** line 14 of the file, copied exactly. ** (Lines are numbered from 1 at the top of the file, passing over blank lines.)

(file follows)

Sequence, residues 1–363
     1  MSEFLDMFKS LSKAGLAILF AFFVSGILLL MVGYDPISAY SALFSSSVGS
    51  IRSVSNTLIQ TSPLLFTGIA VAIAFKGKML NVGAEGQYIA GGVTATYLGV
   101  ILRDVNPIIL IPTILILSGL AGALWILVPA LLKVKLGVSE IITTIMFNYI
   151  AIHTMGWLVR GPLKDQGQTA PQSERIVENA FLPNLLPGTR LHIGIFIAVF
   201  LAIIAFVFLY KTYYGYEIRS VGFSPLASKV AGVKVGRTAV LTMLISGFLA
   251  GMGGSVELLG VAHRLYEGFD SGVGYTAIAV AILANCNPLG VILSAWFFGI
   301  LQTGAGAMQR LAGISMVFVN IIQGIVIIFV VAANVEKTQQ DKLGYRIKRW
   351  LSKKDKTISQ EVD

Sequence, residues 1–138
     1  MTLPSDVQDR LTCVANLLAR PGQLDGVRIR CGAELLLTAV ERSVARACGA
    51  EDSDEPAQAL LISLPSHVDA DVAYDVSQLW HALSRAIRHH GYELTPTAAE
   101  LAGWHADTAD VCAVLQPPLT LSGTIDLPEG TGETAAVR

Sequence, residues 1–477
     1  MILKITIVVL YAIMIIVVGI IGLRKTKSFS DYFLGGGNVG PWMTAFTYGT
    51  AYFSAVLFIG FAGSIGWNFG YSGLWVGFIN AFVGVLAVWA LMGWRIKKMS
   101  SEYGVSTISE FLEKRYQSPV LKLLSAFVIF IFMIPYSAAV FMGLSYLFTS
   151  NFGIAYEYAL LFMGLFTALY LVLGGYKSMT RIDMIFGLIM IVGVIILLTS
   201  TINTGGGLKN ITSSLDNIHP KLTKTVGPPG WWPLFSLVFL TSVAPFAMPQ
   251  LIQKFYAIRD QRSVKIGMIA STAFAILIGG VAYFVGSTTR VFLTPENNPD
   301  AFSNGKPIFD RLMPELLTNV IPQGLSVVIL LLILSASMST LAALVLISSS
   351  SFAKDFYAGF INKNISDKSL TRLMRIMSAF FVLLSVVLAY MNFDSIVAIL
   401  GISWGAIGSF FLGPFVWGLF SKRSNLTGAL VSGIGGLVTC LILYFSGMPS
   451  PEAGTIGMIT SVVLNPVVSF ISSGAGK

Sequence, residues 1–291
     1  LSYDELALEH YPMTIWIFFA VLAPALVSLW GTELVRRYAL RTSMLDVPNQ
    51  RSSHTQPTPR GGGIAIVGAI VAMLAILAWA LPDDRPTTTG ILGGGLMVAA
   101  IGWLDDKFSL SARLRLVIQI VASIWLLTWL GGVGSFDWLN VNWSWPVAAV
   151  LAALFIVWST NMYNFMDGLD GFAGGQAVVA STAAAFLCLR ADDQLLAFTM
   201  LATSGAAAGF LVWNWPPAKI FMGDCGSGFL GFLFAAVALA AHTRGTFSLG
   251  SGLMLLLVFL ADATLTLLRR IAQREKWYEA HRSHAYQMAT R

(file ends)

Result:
Sequence, residues 1–477